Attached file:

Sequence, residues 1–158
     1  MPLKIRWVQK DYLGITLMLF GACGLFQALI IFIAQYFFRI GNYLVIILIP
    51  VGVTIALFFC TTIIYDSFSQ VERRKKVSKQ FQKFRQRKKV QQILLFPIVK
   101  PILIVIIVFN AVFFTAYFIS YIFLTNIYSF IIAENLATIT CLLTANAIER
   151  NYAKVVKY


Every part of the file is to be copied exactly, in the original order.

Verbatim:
Sequence, residues 1–158
     1  MPLKIRWVQK DYLGITLMLF GACGLFQALI IFIAQYFFRI GNYLVIILIP
    51  VGVTIALFFC TTIIYDSFSQ VERRKKVSKQ FQKFRQRKKV QQILLFPIVK
   101  PILIVIIVFN AVFFTAYFIS YIFLTNIYSF IIAENLATIT CLLTANAIER
   151  NYAKVVKY